Notable: Cousin Bobby (Jonathan Demme, 1992), Emperor of the North (Robert Aldrich, 1973)
Best Films I Finally Got Around to Watching
A Poem Is a Naked Person (Les Blank, 1974)
Poto and Cabengo (Jean-Pierre Gorin, 1980)
Study of a River (Peter Hutton, 1997)
Notable: Baskets (Season 2), Insecure (Season 2), Lady Dynamite (Season 2), Transparent (Season 4)
I traveled a lot last year and saw very few new films in Columbus. Many of the films I did see were at film festivals including Fantastic Fest, Fantasia International Film Festival, and Palm Springs Short Fest. I won’t pretend that I’ve seen every new film this year (in the past few months alone I’ve missed Phantom Thread, Blade Runner 2049, Jigsaw, and Mother!), and this list contains the films that were most memorable to me in 2017.
Twin Peaks: The Return (David Lynch)
I love how David Lynch and Mark Frost delay giving us everything we wanted and expected from a third season of Twin Peaks. And then when they finally do deliver what we wanted (though not necessarily as expected), they quickly pull the rug out from under us and take it all away again.
The Laplace’s Demon (Giordano Giulivi)
This is such a strange movie about a group of people disappearing in an equally strange mansion that’s inhabited by an even more mysterious entity. I cannot stop thinking about this film.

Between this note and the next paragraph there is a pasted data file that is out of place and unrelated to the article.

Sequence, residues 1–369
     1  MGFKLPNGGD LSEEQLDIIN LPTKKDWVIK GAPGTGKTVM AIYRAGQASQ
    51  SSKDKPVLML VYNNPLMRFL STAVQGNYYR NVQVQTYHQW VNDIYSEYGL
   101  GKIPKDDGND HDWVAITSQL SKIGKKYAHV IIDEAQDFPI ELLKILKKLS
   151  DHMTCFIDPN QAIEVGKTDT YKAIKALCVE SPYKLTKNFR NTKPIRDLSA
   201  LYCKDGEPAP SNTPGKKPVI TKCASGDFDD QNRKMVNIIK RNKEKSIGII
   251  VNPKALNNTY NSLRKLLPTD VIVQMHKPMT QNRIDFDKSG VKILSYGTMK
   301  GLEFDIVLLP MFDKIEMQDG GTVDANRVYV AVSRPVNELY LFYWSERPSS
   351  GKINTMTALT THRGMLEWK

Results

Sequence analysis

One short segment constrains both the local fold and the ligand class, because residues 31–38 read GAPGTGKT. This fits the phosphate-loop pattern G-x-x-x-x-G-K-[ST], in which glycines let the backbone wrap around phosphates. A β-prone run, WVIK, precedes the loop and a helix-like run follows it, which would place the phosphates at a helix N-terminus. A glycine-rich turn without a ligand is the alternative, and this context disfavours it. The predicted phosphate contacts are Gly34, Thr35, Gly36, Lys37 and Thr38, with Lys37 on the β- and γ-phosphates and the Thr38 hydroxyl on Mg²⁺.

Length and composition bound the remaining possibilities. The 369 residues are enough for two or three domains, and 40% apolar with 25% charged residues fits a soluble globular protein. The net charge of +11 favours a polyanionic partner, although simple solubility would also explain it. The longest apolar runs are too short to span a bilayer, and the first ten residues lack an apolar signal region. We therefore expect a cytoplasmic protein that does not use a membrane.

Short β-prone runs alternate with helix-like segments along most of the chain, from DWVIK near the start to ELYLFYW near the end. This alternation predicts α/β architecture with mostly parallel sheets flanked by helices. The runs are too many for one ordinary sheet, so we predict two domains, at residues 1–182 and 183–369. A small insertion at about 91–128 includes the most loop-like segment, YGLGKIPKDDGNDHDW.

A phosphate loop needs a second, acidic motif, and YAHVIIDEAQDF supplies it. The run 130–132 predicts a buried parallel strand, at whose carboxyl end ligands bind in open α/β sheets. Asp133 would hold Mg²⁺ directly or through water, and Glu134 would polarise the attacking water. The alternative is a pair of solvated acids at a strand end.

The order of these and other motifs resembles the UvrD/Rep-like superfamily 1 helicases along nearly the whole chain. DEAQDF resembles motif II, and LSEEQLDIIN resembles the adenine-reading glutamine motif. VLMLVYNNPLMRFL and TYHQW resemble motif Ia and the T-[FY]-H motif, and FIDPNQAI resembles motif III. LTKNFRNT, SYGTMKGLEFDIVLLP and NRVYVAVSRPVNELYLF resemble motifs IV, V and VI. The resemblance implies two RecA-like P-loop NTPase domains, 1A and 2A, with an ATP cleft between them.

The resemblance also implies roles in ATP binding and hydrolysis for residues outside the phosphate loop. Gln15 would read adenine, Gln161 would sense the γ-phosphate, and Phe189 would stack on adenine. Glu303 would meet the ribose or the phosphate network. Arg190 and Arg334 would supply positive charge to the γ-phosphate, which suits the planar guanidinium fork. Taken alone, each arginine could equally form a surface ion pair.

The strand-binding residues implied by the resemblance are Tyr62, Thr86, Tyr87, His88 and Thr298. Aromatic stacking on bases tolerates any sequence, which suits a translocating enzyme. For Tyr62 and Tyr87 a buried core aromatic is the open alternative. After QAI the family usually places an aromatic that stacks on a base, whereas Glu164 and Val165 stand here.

Raw (Julia Ducournau)
You know a movie is working when someone in the audience yells out, "Oh god, please don't do it!" and then the character does exactly what we all don't want her to do. The film has some pretty stunning camera work, too (the single-take rave scene, for example).
Let the Corpses Tan (Hélène Cattet and Bruno Forzani)
I had a hard time getting into Cattet and Forzani’s previous film (The Strange Color of Your Body’s Tears), but dove into this one immediately. The cinematography is gorgeous, the editing is great, and the film looks and sounds like you’re watching a newly discovered European crime thriller from the late '60s or early '70s.
Found Footage 3D (Steven DeGennaro)
I’m not usually one for found footage movies, but there’s something about this one that clicked for me. It starts out in 2D, takes its time switching to 3D, and builds to a crazy moment that I still remember vividly.
A Day (Sun-ho Cho)
Imagine Groundhog Day as a thriller where a doctor has to save his daughter from dying in a car accident. As the film races to its conclusion, the narrative spirals outward and gives us increasingly more context for the accident that we see unfold numerous times.
Call of Cuteness (Brenda Lien)
If you like grotesque animated cat movies, then you’ll love this experimental short by Brenda Lien.
Great Choice (Robin Comisar)
If they made 1980s Red Lobster commercials in hell, they would probably look something like this.
Images: I Am Not Your Negro, courtesy of Magnolia Pictures; Ex Libris – The New York Public Library, courtesy of Zipporah Films; Twin Peaks: The Return, courtesy of Showtime.